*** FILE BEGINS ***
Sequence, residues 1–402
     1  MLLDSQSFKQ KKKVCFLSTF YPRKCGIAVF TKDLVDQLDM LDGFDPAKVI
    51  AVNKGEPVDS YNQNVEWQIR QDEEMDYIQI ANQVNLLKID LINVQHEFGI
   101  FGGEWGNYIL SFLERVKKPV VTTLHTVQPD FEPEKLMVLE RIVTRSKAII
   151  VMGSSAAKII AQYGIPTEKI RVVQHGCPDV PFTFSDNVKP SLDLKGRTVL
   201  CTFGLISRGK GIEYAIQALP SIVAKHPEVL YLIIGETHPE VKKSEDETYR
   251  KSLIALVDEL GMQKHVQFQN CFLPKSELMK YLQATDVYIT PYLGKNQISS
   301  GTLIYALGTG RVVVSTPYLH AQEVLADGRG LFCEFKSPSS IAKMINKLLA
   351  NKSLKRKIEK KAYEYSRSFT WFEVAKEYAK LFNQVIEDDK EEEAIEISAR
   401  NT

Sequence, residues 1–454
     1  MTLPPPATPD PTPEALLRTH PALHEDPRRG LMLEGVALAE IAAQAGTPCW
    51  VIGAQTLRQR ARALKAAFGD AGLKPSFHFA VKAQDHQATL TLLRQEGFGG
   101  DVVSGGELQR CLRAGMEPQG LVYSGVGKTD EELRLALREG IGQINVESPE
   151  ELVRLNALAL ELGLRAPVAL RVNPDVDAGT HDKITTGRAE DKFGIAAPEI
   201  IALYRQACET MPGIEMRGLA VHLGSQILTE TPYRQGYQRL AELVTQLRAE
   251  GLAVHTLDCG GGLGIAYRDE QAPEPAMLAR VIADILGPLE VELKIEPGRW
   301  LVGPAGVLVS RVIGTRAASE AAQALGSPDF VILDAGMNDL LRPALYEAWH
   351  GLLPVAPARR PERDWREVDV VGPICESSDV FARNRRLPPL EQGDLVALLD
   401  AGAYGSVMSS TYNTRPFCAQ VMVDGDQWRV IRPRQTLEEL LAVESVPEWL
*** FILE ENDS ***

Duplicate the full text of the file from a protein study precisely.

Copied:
Sequence, residues 1–402
     1  MLLDSQSFKQ KKKVCFLSTF YPRKCGIAVF TKDLVDQLDM LDGFDPAKVI
    51  AVNKGEPVDS YNQNVEWQIR QDEEMDYIQI ANQVNLLKID LINVQHEFGI
   101  FGGEWGNYIL SFLERVKKPV VTTLHTVQPD FEPEKLMVLE RIVTRSKAII
   151  VMGSSAAKII AQYGIPTEKI RVVQHGCPDV PFTFSDNVKP SLDLKGRTVL
   201  CTFGLISRGK GIEYAIQALP SIVAKHPEVL YLIIGETHPE VKKSEDETYR
   251  KSLIALVDEL GMQKHVQFQN CFLPKSELMK YLQATDVYIT PYLGKNQISS
   301  GTLIYALGTG RVVVSTPYLH AQEVLADGRG LFCEFKSPSS IAKMINKLLA
   351  NKSLKRKIEK KAYEYSRSFT WFEVAKEYAK LFNQVIEDDK EEEAIEISAR
   401  NT

Sequence, residues 1–454
     1  MTLPPPATPD PTPEALLRTH PALHEDPRRG LMLEGVALAE IAAQAGTPCW
    51  VIGAQTLRQR ARALKAAFGD AGLKPSFHFA VKAQDHQATL TLLRQEGFGG
   101  DVVSGGELQR CLRAGMEPQG LVYSGVGKTD EELRLALREG IGQINVESPE
   151  ELVRLNALAL ELGLRAPVAL RVNPDVDAGT HDKITTGRAE DKFGIAAPEI
   201  IALYRQACET MPGIEMRGLA VHLGSQILTE TPYRQGYQRL AELVTQLRAE
   251  GLAVHTLDCG GGLGIAYRDE QAPEPAMLAR VIADILGPLE VELKIEPGRW
   301  LVGPAGVLVS RVIGTRAASE AAQALGSPDF VILDAGMNDL LRPALYEAWH
   351  GLLPVAPARR PERDWREVDV VGPICESSDV FARNRRLPPL EQGDLVALLD
   401  AGAYGSVMSS TYNTRPFCAQ VMVDGDQWRV IRPRQTLEEL LAVESVPEWL